Tuesday, October 19, 2010

I Spy ... A Ram!

Update: This is wrong, at least as it applies to the Peshitta. I accidentally did not use the Peshitta. The site I used, peshitta.org, has a tri-linear Targum, which I took to be a presentation of the Peshita. But actually, their Tri-linear Targum, on Tanach, is not the Peshitta. My rather serious bad. כשם שקיבלתי שכר על הדרישה כך אקבל שכר על הפרישה. In terms of everything else, I think the observations still hold true.

Summary: But is it one ram, or a ram behind, or afterwards?

Post: Towards the end of parashat Vayera, in Bereishit 22:13:

יג  וַיִּשָּׂא אַבְרָהָם אֶת-עֵינָיו, וַיַּרְא וְהִנֵּה-אַיִל, אַחַר, נֶאֱחַז בַּסְּבַךְ בְּקַרְנָיו; וַיֵּלֶךְ אַבְרָהָם וַיִּקַּח אֶת-הָאַיִל, וַיַּעֲלֵהוּ לְעֹלָה תַּחַת בְּנוֹ.13 And Abraham lifted up his eyes, and looked, and behold behind him a ram caught in the thicket by his horns. And Abraham went and took the ram, and offered him up for a burnt-offering in the stead of his son.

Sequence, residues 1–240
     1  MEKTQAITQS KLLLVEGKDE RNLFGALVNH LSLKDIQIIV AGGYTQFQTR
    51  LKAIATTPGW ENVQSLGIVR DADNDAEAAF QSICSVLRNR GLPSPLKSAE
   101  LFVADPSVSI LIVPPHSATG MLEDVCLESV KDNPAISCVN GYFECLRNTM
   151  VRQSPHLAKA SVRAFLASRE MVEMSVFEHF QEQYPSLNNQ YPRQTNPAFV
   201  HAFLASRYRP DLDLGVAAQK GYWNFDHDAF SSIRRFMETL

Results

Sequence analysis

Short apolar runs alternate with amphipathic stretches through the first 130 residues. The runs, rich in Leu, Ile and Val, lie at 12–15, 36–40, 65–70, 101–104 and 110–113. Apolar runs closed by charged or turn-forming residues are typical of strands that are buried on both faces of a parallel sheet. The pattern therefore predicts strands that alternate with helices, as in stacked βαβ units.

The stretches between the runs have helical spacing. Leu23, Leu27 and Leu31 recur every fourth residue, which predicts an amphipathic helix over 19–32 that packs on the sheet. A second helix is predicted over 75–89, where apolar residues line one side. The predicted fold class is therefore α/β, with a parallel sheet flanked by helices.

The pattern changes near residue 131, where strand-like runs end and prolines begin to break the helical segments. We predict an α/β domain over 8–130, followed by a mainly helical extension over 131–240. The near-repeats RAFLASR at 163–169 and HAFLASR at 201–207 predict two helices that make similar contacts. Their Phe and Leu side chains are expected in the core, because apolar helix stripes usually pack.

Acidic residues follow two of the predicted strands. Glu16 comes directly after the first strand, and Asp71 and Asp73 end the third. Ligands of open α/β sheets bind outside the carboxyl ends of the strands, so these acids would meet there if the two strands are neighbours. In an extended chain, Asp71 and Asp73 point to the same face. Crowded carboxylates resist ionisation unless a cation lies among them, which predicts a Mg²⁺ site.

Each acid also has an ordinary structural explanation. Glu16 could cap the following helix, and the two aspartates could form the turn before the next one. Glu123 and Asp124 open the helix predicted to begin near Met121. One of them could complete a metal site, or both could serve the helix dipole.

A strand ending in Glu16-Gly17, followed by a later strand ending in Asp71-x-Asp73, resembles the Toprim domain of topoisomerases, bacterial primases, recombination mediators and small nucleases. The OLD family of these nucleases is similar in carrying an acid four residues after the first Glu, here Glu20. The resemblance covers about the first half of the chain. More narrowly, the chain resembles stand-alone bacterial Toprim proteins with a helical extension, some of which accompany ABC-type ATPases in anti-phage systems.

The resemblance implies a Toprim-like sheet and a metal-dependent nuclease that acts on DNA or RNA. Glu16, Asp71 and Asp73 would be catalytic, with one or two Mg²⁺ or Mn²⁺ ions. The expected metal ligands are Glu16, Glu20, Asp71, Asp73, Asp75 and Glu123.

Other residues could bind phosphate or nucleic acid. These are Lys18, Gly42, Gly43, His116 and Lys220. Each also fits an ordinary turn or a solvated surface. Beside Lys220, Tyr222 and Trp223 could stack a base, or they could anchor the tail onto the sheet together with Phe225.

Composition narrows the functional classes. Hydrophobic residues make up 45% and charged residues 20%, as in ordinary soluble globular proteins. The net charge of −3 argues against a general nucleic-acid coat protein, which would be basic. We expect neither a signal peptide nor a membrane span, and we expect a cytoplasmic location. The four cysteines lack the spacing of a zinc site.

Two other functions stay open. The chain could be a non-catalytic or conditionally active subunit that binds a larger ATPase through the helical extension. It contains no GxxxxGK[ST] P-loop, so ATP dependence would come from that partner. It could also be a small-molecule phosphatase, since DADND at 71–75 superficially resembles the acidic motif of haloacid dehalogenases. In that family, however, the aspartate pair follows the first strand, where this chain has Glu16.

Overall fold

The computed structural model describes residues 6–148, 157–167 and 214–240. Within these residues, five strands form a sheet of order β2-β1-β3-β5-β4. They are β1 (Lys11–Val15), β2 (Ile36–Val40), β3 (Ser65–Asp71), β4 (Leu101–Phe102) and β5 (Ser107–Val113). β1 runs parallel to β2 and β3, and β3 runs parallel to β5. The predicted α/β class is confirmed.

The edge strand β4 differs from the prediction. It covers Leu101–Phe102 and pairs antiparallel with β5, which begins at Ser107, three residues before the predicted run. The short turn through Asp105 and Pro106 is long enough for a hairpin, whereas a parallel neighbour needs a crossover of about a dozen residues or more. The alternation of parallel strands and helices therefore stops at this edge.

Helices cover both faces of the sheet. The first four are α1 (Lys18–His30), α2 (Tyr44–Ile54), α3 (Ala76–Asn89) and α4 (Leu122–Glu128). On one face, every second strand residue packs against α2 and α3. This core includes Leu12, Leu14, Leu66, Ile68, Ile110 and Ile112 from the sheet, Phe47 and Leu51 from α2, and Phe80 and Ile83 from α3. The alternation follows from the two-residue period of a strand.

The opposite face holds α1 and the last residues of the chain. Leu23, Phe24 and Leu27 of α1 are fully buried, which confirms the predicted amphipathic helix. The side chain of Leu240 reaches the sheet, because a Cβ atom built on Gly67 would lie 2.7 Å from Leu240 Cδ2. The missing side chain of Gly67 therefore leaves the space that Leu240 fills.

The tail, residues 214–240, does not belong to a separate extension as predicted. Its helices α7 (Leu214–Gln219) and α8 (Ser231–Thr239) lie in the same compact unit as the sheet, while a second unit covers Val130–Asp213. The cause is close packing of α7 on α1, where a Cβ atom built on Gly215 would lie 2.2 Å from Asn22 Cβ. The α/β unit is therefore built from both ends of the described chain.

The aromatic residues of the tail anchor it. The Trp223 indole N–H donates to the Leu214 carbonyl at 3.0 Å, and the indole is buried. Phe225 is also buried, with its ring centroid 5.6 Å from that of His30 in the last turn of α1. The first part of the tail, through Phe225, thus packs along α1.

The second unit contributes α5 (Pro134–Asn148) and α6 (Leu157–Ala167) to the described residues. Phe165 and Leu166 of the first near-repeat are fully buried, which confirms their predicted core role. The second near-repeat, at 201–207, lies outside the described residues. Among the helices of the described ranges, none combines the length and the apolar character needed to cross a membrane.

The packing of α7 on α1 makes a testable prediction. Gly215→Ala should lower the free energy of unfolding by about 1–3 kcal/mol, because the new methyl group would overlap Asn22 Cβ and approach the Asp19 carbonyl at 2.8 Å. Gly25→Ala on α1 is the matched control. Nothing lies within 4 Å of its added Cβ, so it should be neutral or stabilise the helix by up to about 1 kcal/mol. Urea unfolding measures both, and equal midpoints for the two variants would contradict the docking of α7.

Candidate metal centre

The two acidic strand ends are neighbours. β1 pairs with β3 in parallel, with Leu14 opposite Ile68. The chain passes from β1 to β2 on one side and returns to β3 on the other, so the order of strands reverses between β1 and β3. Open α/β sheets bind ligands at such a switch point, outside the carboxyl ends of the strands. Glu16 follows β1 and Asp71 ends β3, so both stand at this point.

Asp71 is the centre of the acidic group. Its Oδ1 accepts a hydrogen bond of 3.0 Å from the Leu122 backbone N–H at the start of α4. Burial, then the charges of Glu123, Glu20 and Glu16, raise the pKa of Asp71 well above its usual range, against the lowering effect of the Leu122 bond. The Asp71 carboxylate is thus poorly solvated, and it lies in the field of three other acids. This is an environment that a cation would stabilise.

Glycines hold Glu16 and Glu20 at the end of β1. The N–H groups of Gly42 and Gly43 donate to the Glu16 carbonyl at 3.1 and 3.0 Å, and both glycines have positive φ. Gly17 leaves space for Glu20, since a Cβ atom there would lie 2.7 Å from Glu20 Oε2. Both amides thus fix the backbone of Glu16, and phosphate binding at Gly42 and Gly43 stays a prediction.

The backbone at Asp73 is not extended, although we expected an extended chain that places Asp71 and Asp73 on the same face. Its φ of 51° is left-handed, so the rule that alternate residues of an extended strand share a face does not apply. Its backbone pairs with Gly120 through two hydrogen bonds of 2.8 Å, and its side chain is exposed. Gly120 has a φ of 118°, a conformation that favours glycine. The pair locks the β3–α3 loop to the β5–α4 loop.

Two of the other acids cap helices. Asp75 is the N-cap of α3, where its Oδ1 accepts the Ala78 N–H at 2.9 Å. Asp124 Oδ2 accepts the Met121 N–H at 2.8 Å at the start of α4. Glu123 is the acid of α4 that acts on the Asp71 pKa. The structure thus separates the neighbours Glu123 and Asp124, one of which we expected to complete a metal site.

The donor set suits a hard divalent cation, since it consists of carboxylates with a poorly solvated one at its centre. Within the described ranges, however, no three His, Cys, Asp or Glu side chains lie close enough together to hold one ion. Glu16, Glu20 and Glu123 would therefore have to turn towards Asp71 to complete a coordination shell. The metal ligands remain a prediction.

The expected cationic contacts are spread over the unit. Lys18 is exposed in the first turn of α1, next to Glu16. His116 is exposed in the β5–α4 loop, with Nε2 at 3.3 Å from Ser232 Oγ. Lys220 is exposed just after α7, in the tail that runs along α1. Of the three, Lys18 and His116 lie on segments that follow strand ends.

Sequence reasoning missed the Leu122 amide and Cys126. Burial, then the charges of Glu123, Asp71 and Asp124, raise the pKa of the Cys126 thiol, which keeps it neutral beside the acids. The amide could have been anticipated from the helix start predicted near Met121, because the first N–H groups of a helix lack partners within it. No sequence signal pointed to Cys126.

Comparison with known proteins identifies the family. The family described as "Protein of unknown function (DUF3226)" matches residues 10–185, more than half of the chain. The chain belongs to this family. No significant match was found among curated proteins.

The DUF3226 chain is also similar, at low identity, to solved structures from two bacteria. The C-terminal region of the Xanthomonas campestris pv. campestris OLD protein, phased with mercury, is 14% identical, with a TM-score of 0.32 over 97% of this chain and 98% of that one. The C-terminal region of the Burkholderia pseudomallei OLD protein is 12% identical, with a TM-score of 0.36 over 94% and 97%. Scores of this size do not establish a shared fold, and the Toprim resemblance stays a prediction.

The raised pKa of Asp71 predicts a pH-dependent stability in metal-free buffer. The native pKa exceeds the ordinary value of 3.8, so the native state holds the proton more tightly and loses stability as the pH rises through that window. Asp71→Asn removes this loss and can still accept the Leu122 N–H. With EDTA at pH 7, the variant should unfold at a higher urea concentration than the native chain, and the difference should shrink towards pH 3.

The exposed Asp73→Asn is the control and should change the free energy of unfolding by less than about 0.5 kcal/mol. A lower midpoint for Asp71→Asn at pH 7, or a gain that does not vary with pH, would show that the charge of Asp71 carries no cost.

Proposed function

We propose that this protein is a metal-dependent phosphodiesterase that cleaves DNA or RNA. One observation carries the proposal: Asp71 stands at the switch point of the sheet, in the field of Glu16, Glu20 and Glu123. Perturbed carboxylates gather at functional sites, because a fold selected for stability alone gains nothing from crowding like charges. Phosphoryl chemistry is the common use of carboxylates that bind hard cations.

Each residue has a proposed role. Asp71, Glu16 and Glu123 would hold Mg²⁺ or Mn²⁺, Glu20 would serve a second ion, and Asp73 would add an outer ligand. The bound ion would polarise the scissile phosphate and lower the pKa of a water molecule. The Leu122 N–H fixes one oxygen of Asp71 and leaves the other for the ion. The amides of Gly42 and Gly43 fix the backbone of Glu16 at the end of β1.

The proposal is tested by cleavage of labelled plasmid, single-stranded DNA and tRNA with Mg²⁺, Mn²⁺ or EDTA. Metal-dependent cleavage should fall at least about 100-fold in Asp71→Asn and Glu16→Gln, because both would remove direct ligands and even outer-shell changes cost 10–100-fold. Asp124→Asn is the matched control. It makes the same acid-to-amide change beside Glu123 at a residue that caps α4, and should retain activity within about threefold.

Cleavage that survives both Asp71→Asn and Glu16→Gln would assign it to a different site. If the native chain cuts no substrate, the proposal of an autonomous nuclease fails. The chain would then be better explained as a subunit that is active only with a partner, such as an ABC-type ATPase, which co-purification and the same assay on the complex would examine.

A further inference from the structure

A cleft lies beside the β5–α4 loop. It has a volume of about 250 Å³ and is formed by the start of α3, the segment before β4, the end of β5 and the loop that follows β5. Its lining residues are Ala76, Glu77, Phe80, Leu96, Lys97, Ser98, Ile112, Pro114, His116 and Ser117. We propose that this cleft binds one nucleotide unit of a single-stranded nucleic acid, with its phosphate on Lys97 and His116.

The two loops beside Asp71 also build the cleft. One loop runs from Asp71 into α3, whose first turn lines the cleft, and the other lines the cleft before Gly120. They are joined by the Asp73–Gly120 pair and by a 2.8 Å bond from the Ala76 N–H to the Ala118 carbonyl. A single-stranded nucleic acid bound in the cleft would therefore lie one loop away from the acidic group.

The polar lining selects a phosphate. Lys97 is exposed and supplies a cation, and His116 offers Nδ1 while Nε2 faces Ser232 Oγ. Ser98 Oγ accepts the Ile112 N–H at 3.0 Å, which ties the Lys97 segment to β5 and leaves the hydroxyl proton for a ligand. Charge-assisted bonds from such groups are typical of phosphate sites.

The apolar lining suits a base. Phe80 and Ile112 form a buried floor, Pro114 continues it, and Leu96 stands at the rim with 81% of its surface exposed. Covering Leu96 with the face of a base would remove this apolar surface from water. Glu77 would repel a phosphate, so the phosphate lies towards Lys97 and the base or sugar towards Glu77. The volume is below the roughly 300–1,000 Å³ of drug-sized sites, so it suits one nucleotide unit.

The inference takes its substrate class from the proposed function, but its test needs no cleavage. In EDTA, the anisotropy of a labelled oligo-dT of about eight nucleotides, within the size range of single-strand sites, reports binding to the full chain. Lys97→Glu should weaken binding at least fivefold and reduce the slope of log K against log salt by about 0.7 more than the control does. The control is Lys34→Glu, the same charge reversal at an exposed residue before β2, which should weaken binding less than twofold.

In Onkelos, according to the manuscript of the Teimanim:

כב,יג וַיִּשָּׂא אַבְרָהָם אֶת-עֵינָיו, וַיַּרְא וְהִנֵּה-אַיִל, אַחַר, נֶאֱחַז בַּסְּבַךְ בְּקַרְנָיו; וַיֵּלֶךְ אַבְרָהָם וַיִּקַּח אֶת-הָאַיִל, וַיַּעֲלֵהוּ לְעֹלָה תַּחַת בְּנוֹ.וּזְקַף אַבְרָהָם יָת עֵינוֹהִי, בָּתַר אִלֵּין, וַחֲזָא וְהָא דִּכְרָא, אֲחִיד בְּאִילָנָא בְּקַרְנוֹהִי; וַאֲזַל אַבְרָהָם וּנְסֵיב יָת דִּכְרָא, וְאַסְּקֵיהּ לַעֲלָתָא חֲלָף בְּרֵיהּ.

The word אַחַר is translated, but for clarity's sake, moved from its initial place after אַיִל and moved earlier. It appears as בָּתַר in בָּתַר אִלֵּין. Meanwhile, the phrase נֶאֱחַז בַּסְּבַךְ is translated as אֲחִיד בְּאִילָנָא. This אחד is the Aramaic cognate of the Hebrew אחז, due to the typical zayin / daled switchoff.

In most Onkelos manuscripts, as well as in our Mikraos Gedolos, while it does have בָּתַר אִלֵּין in that same place, and the phrase נֶאֱחַז בַּסְּבַךְ is still translated as אֲחִיד בְּאִילָנָא,  the word אַיִל is dichra chada, "one ram". Or rather, I would say, "a ram". While we don't see this AFIAK in Hebrew, we do see this in Aramaic, where chada follows the word and indicates the indefinite article, "a". Compare with Ezra 4:8, where the proper translation is "a letter" rather than "one letter":